Crushed to death stealing a catalytic converter

It was shortly after my last legal update on the “optimistic” request that a client garage compensate a consumer for not telling him at the point of sale that catalytic converters can be stolen, did I read the article below


The question was asked – what liability could there be on the garage where someone breaks in and ends up getting injured or getting killed when they are there unlawfully?

Some people think that if you have broken into someone else’s property with ill intent then you deserve anything and everything you get.  This is not so in the eyes of the law – as Norfolk farmer Tony Martin found when he shot burglars encroaching into his home in 1999 killing one of them – as he was sent to prison initially for murder but downgraded to manslaughter due to diminished responsibility.

It is the Occupiers’ Liability Act 1984 which imposes a duty of care on landowners (occupiers) to take reasonable care for the safety of trespassers in respect of any risk of their suffering by reason of any danger due to the state of the premises – or to things done or omitted to be done on them.

The threshold test is set out in Section 1 (3) of the Act which provides that a duty is owed to trespassers in respect of any such risk if 

(a) The occupier is aware of the danger or has reasonable grounds to believe that it exists;

(b) The occupier knows or has reasonable grounds to believe that the trespasser is in the vicinity of the danger or that he may come into the vicinity of the danger; and

(c) The risk is one against which, in all the circumstances of the case, the occupier may reasonably be expected to offer the trespasser some protection.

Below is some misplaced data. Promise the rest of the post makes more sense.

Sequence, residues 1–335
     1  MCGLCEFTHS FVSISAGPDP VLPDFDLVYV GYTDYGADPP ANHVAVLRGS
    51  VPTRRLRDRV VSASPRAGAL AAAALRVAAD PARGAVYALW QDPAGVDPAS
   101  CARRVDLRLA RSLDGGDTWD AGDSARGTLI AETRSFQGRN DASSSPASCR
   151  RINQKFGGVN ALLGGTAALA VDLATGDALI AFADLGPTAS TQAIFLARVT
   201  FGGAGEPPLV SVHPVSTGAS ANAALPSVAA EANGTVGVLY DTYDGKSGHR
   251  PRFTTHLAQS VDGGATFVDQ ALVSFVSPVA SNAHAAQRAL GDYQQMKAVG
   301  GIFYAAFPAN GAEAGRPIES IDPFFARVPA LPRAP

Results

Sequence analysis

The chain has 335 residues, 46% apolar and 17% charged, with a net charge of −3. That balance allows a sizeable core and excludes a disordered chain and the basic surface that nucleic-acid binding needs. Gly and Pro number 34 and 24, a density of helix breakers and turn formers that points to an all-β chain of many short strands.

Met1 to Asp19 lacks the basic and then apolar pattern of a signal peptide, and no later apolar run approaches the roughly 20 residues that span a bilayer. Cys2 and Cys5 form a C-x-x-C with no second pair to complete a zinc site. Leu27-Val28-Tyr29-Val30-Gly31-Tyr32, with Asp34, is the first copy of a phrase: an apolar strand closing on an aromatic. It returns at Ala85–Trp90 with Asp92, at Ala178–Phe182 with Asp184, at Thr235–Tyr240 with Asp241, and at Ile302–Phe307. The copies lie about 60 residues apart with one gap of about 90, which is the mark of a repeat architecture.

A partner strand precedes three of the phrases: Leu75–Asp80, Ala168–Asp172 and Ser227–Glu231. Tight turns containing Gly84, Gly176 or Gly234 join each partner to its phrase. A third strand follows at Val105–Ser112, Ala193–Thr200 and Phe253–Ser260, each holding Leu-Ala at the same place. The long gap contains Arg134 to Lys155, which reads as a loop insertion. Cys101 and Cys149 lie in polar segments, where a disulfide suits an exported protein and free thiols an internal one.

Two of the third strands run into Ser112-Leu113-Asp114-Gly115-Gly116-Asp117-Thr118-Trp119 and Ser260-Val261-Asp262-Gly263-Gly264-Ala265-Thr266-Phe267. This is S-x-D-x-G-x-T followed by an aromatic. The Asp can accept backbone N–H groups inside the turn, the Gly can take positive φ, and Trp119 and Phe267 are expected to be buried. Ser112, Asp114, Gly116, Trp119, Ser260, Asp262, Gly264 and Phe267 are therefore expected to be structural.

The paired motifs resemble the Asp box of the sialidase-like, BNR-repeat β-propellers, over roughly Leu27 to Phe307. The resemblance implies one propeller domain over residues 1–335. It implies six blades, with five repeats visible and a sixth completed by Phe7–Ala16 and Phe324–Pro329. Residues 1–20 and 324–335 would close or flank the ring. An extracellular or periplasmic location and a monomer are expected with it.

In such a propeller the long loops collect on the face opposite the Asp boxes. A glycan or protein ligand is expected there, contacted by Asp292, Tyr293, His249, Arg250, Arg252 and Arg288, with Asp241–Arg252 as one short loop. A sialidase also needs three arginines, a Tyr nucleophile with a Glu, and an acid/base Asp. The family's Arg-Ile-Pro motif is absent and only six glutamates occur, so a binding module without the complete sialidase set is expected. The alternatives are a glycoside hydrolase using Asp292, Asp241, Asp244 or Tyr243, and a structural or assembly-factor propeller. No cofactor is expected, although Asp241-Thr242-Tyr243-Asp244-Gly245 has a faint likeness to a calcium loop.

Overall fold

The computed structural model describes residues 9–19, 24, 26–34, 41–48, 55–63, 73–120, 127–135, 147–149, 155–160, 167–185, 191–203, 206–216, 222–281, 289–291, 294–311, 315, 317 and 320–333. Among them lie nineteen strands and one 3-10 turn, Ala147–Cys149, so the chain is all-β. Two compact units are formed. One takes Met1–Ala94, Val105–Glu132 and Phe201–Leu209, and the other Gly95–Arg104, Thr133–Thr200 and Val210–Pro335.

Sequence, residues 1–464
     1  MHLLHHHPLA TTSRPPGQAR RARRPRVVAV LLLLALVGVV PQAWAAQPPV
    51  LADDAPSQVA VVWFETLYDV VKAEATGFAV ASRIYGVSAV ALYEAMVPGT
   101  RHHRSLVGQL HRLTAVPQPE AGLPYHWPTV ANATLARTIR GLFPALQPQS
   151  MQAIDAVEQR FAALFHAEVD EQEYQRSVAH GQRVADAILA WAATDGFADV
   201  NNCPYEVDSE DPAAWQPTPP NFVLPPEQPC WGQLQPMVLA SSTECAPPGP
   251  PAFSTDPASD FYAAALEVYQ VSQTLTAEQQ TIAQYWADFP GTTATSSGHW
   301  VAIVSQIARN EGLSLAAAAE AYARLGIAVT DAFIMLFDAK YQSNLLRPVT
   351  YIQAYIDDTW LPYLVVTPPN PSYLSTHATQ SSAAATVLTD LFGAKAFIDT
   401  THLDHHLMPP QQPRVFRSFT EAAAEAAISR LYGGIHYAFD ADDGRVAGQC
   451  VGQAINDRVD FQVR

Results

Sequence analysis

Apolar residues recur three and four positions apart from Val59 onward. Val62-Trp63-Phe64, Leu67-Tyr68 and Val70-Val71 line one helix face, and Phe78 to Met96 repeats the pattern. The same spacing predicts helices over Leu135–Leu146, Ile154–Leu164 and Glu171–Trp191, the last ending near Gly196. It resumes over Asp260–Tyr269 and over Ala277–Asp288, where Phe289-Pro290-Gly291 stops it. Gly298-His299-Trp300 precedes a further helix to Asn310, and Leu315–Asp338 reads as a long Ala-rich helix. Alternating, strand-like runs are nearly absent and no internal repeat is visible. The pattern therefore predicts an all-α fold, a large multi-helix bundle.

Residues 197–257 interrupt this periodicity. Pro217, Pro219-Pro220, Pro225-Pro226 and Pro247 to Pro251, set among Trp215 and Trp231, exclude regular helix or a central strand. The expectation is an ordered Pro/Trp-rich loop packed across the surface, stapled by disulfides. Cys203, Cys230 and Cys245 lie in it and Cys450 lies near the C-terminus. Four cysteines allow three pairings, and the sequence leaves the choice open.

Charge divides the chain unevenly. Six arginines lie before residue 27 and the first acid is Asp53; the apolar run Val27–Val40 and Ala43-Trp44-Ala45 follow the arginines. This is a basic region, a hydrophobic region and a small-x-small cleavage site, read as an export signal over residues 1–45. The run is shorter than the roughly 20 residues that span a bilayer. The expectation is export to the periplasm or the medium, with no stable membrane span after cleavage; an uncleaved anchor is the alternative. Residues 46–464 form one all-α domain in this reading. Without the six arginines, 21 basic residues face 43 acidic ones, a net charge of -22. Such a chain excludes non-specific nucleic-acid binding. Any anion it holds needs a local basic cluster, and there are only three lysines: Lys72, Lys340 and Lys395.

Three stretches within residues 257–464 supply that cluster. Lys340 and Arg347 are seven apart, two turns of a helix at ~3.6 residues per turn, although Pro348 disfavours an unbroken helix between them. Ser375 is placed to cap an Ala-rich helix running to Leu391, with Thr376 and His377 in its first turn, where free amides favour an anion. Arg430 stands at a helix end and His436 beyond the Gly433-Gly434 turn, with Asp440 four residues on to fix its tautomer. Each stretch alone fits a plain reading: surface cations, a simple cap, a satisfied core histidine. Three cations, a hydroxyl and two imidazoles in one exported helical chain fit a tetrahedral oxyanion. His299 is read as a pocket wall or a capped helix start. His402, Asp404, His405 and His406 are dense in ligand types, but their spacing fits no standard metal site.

As you can imagine, cases turn on their specific facts such as several years ago when the High Court in Buckett v Staffordshire County Council dismissed a claim brought against them by a Claimant after he fell through a skylight whilst trespassing on the roof a school when he was aged 16.  The court decided that even though his presence on the roof near the skylight ought reasonably to have been foreseen, the council did not owe a duty of care under the Occupiers’ Liability Act 1984 as the skylight’s structure, makeup and location on the roof did not constitute a danger.  

Even though children trespassing on the roof and proximity to the skylight was foreseeable, the claimant’s injuries were caused by his own action of jumping onto the skylight.  And because the skylight was not faulty or inherently dangerous, the council was not liable.  This followed a principle set by the House of Lords in Tomlinson v Congleton Borough Council in 2004 where a 12 year old was injured falling on a fire escape when trespassing.  As the fire escape was not defective, in need of repair or otherwise dangerous, the council had no liability.

Lawgistics Members can get advice on this and other legal matters by contacting the legal team on 01480 455500


 

Authors: Jason Williams

Published: 17 Feb 2020

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